Prostate Adenocarcinoma


Prostate cancer (PCa) is the second most common diagnosed malignancy and the fifth leading cause of cancer mortality in men. 85% of all cases are diagnosed in men aged over 65 years old.
The World Health Organization (WHO) prediction for incidence of prostate cancer is 2 293 818 new cases in 2040 (+79%).
Prostate adenocarcinoma is the most common type of cancer (Figure 1) to occur in the prostate, with an annual incidence of 1 276 106 new cases worldwide.
Two different forms are described: local intracapsular or extra capsular extension when malignant cells migrate towards seminal vesicles, lymph nodes and bones. Histologically, the majority of intracapsular tumors are located in the peripheral zone of the prostate, however, some do occur in the transitional or central zone.
There has been a significant increase in the rates of diagnosed prostate cancer since screening men became popular in the 1990s with Prostate Specific Antigen (PSA) testing and digital rectal exam.
The biopsy is an outpatient procedure which is most often conducted as a transrectal needle biopsy under TRUS guidance.
Due to the high false negative rates associated with this standard probabilistic procedure biopsies, Multiparametric MRI (mpMRI) has been shown to identify clinically significant prostate cancers which would have been otherwise missed by routine systematic biopsy.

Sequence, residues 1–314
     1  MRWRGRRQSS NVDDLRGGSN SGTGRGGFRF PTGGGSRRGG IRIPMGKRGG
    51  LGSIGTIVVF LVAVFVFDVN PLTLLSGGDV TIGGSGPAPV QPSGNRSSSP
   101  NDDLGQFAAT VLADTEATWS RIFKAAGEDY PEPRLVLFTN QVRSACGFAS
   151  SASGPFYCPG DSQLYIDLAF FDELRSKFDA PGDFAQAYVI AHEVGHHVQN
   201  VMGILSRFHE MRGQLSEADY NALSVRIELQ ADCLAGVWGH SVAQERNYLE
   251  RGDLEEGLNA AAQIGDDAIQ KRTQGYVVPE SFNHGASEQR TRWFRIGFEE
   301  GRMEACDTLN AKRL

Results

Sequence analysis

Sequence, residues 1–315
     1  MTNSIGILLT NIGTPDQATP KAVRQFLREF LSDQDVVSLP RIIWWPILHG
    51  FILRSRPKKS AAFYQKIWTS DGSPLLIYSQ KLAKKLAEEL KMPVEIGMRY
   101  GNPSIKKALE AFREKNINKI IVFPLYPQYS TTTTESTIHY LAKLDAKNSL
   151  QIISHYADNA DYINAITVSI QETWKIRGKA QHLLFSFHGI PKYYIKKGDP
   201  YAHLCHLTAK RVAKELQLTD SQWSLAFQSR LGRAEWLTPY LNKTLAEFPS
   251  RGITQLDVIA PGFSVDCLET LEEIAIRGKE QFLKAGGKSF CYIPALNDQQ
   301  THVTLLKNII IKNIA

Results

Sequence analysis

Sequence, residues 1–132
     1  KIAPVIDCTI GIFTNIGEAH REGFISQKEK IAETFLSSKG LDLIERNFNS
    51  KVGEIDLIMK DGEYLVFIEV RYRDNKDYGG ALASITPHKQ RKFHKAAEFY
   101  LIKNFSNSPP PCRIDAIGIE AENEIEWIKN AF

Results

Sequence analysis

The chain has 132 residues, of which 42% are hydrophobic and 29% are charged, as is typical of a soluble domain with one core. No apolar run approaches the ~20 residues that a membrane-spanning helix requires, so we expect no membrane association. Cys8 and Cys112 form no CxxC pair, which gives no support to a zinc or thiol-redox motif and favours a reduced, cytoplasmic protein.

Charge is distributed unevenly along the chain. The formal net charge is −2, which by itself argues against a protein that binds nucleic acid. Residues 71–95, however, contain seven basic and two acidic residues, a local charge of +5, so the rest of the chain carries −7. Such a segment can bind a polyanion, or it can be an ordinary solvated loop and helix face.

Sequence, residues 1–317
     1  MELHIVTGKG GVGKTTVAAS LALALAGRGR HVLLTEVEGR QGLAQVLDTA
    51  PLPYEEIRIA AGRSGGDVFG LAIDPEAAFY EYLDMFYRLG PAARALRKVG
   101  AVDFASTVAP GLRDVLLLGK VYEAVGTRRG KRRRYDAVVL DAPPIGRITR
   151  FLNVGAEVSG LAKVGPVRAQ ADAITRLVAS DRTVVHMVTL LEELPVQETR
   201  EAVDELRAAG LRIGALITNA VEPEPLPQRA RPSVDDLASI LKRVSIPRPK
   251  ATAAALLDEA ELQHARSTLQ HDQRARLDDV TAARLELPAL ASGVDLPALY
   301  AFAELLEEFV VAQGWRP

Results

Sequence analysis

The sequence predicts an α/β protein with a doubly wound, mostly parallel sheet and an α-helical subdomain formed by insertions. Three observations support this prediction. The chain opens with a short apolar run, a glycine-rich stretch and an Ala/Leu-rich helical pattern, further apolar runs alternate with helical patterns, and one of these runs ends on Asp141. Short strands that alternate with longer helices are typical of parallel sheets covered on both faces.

• Abnormal PSA levels
  • Abnormal digital rectal examination
  • Urinary symptoms
  • Erectile dysfunction
  • Hematuria
  • Hematospermia
  • Metastatic disease (e.g. bone pain)

Possible treatments

  • Surgical radical prostatectomy
  • Radiotherapy (external beam radiation therapy)
  • Brachytherapy (internal radiotherapy)
  • HIFU
  • Cryotherapy
  • Chemotherapy
  • Hormonal therapy

In Vitrea

MR application Olea Prostate option includes advanced multiparametric analysis. Conventional, diffusion and permeability maps are computed instantly and displayed in one simple click (Figure 2).
The fusion of T2w and diffusion images improves the visualization and the relevance of the pathological zone.
Lesion and prostate volumetry can also be computed through the semi-automatic 3D segmentation.
To optimize the diagnosis workflow, PI-RADS 2.0. report is included in the application, with a possible export to PACS (Figure 3).
The IVIM plug-in makes it possible to calculate diffusionweighted electronic b-values. Indeed, synthetic high b-values offer stronger diffusion-weighting and greater suppression of benign prostate tissue, thus potentially improving tumor detection (Figure 4).


The combination of MRI/US fusion-guided biopsy has been shown to be useful and highly effective for prostate cancer detection with targeted biopsies (Figure 5).

Radiomic machine learning tool is an emerging one, that can help to improve cancer diagnosis, with an automatic prostate segmentation, lesion detection and characterization.